In The Know: Late-night snag in House could delay early adjournment

In The KnowIn The Know is a daily synopsis of Oklahoma policy-related news and blogs. Inclusion of a story does not necessarily mean endorsement by the Oklahoma Policy Institute. You can sign up here to receive In The Know by e-mail.

Today you should know that a late-night vote in the Oklahoma House left in doubt the state’s common education budget and Friday’s expected early adjournment.  Hobby Lobby argued before a panel of eight judges at the 10th Circuit Court of Appeals that for-profit corporations have constitutionally protected religious freedoms.

House Speaker Shannon’s attempt to repeal Common Core wastes millions of dollars already spent and throws out years of hard work by Oklahoma teachers and students.  A letter to the editors of the Oklahoman urged funding for schools to have secure shelters to protect the lives of its students.

The U.S. Senate voted to lower government payments to farmers making more than $750,000.  The Number of the Day is the number of children in Oklahoma living in extreme poverty.    In today’s Policy Note, ProPublica investigates predatory lenders circumventing the Military Lending Act.

In The News

Common education budget hits last-minute snag in House
A late-night revolt in the Oklahoma House of Representatives on Thursday left in doubt the state’s common education budget and Friday’s expected final adjournment. The House voted down the common education budget limitation bill 35-45, with 21 members not voting, then a faction led by Rep. Gus Blackwell, R-Laverne, tried to send it back to committee with instructions to shift $23 million from the state Department of Education to the schools themselves. That effort failed, making it likely the bill will be brought back up on Friday. Floor leader Pam Peterson, R-Tulsa, concluded Thursday’s session a few minutes before midnight by telling the members they may not be able to complete their business on Friday as planned.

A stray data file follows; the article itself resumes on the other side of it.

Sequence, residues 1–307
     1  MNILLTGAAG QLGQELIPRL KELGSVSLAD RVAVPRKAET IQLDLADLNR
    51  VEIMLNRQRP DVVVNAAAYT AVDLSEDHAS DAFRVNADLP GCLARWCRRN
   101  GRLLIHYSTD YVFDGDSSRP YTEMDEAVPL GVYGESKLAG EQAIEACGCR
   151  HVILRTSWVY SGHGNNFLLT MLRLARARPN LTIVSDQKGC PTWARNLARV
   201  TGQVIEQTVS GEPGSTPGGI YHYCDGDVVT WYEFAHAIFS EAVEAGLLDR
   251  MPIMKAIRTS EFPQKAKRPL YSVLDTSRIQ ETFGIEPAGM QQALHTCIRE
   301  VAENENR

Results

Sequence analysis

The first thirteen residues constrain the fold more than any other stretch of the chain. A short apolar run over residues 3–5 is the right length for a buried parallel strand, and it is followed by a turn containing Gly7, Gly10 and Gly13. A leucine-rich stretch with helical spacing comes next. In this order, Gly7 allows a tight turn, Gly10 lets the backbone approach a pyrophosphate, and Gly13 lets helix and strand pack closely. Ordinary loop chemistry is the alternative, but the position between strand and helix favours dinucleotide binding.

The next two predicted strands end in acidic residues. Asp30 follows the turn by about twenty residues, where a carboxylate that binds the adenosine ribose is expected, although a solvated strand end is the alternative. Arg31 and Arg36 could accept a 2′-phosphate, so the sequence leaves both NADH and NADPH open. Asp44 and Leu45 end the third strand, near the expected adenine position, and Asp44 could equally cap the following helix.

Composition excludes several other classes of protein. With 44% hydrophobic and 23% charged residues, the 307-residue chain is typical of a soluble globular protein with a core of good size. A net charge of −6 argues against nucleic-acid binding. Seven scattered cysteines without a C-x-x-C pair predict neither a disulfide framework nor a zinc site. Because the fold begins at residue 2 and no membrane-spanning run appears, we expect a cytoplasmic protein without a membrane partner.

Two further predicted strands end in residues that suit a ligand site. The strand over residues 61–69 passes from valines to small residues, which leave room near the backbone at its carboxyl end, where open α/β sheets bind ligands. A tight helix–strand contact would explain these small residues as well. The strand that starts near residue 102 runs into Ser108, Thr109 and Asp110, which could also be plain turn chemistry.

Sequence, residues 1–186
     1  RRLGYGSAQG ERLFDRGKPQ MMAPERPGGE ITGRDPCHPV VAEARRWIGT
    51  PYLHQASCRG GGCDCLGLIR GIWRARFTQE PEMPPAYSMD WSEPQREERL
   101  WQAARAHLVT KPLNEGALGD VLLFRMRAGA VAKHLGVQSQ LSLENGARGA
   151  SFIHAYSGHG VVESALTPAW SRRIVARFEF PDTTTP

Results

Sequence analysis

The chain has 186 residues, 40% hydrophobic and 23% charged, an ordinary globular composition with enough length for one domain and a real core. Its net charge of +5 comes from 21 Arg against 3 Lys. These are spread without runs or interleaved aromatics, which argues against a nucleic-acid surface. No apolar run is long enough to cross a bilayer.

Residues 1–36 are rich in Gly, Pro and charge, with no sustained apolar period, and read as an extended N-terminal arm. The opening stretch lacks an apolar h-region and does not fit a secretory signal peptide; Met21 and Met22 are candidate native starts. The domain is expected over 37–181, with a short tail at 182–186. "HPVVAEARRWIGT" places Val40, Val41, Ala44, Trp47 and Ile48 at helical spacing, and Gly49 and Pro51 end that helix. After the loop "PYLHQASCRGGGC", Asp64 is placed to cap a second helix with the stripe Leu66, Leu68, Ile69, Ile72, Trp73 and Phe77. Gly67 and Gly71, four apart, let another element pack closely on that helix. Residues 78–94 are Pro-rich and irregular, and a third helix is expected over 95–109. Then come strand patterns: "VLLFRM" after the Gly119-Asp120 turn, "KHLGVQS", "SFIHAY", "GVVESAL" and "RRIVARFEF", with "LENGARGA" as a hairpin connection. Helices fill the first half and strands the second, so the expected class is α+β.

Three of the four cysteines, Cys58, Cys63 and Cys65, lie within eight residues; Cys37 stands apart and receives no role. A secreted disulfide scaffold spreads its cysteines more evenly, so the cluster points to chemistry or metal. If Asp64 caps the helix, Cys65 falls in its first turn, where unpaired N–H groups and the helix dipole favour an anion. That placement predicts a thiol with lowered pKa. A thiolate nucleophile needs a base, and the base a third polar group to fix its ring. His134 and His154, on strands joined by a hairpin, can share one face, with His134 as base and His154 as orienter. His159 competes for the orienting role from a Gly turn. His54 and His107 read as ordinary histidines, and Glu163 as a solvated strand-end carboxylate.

Read more from Tulsa World

Hobby Lobby argues case before federal judges
A panel of eight judges at the U.S. 10th Circuit Court of Appeals on Thursday wrestled with whether Hobby Lobby Stores Inc. — a secular, for profit corporation — has the right to the same religious freedoms guaranteed to individuals under the U.S. Constitution. The judges heard oral arguments in a Denver courtroom on Hobby Lobby’s challenge to part of the Affordable Care Act that requires the company to cover the cost of emergency contraceptives for its employees. The company and its owners, CEO David Green and four family members, believe that some types of contraception, including the “morning-after pill,” are forms of abortion that conflict with the family’s Christian beliefs.

Read more from NewsOK

No, Common Core is not a ‘federal takeover’ of schools